Ethan checked out beautifully on his physical and without me having to ask, our wonderful pediatrician ensured me that his heart was fantastic and flawless. It was something I worried about, even going as far as to wonder if his drawing of the pediatrician listening to his heart was some kind of eerie premonition. Being a super neurotic person by nature is even worse once you experience a loss like ours. I now worry about everything about fifty times more intensely than I did before, when I already worried about everything to begin with. I resorted to bribery to get Ethan to simmer down at his check-up (I know, for shame) and told him he could pick any fun activity he'd like if he would just let the doctor examine him. He ended up picking Chuck E. Cheese. Cringe.
The day prior to his check-up, my sister had convinced me to take the two of them to Chuck E. Cheese and despite dousing them in OnGuard, I couldn't stop picturing all of the germs festering on them with each game they touched or breath they breathed. Still, Ethan had an absolute blast playing games and seeing "Chuck E. Cheese the mouse, mommy. He's a mouse." After his check-up, we made our way back to Chuck E. Cheese where Ethan spent $5 on tokens that earned him enough tickets to pick out his very own plastic spider ring. We gave a hug to Chuck E. Cheese himself, had a mini-pizza and retreated back home where he could rave about how much fun Chuck E. Cheese is endlessly until bedtime.
We closed out Doctor Week with Ethan's first dental cleaning. I was spoiled growing up, always having the perfect teeth. The ones that never had cavities, were spaced just perfectly, never needed braces or much at all. Of course, once most of my adult teeth came in I flipped off a hammock and knocked pieces of them all out, and my mom's depressing retelling of that story has probably added to my neurosis about Ethan's teeth. That, and the fact that my husband needed a whole lot of dental work for his big teeth in his crowded, tiny mouth. I'm no dentist, but it was pretty easy for me to tell that Ethan inherited his big teeth and tiny, crowded mouth. Of course, the actual dentist confirmed that braces would one day be in Ethan's future, but also that I was doing a great job with his brushing and flossing and his teeth looked great. It was validation of sorts because I knew I was solely responsible for the care of Ethan's teeth and would probably beat myself up for months if the dentist had anything constructive to say.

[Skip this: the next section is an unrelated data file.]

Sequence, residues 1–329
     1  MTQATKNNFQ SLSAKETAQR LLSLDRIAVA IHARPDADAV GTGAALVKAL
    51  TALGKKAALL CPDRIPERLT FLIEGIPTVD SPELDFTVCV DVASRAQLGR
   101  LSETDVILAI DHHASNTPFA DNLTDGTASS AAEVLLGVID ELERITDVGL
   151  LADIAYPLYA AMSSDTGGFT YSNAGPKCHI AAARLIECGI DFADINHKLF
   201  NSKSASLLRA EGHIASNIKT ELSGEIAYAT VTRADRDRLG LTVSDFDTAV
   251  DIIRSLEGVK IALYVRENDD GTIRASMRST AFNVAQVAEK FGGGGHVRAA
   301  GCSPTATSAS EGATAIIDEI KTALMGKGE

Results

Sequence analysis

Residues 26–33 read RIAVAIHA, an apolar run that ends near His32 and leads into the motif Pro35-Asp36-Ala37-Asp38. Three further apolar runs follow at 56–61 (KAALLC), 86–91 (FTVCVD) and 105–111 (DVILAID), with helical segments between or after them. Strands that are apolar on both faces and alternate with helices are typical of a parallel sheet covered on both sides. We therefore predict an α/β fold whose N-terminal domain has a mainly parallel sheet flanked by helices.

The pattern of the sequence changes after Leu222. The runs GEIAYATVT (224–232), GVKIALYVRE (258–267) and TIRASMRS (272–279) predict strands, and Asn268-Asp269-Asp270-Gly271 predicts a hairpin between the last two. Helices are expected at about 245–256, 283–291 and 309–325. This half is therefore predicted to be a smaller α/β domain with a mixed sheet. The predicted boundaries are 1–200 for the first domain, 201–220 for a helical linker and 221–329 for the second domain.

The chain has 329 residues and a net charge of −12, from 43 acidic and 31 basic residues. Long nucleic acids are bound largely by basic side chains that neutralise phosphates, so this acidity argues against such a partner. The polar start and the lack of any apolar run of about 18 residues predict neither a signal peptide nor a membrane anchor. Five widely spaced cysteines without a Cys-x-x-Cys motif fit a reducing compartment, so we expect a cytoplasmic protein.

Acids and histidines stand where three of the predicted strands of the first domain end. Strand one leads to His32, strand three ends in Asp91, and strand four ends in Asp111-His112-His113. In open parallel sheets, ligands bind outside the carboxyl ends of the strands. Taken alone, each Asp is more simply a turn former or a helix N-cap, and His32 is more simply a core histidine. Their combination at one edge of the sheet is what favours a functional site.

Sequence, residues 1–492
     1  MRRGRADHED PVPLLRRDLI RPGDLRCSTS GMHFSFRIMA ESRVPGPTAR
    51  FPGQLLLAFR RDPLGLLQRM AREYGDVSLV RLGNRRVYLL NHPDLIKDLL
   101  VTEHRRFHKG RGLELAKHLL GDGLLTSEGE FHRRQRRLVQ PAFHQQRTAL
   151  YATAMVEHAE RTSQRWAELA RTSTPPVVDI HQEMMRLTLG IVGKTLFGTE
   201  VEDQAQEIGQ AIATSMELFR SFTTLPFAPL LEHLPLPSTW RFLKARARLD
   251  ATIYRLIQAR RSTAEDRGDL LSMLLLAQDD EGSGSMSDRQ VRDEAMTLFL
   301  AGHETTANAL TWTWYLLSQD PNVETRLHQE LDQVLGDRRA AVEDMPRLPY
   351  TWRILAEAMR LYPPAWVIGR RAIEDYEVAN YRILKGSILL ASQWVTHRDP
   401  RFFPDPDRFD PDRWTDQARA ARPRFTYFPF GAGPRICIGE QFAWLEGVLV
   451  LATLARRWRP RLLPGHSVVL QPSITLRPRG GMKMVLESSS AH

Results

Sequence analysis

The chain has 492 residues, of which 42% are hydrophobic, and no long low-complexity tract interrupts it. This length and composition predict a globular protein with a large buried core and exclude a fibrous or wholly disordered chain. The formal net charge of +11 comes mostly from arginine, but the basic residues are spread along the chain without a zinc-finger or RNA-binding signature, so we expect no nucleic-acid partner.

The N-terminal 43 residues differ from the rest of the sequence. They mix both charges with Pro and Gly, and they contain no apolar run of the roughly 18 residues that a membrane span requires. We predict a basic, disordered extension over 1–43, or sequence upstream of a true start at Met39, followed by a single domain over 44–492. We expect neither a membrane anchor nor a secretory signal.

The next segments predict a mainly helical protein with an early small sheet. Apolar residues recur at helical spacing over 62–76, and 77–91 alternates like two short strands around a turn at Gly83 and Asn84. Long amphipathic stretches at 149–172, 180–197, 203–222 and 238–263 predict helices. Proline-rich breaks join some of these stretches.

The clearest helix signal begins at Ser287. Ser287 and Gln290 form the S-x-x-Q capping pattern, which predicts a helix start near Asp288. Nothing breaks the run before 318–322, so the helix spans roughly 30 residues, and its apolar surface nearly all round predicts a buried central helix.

Still, we left the dentist with Ethan's goodie bag of a new toothbrush, toothpaste sample and a sticker of a Golden Retriever.
Then he conned me into a trip to the science museum.
It's as if his check-ups seal the deal that he is officially three. And something about age three seems so big. I'm sure I said that about age one and age two as well. I'm sure I'll be saying it every year until he's eighteen. Heck, I'll probably be saying it way past then. Ethan has always been my little buddy, my partner to spend the days with, but lately he's an actual tiny companion. He never stops talking, wondering, asking, imagining. It's like he's become an actual little person, one who cares for me as much as I care for him. "Make sure you take a breather, mommy," he reminds me before I set out for my exercise class without even raising his eyes from his breakfast.
Three so far sort of seems like the crossover from toddlerhood to childhood.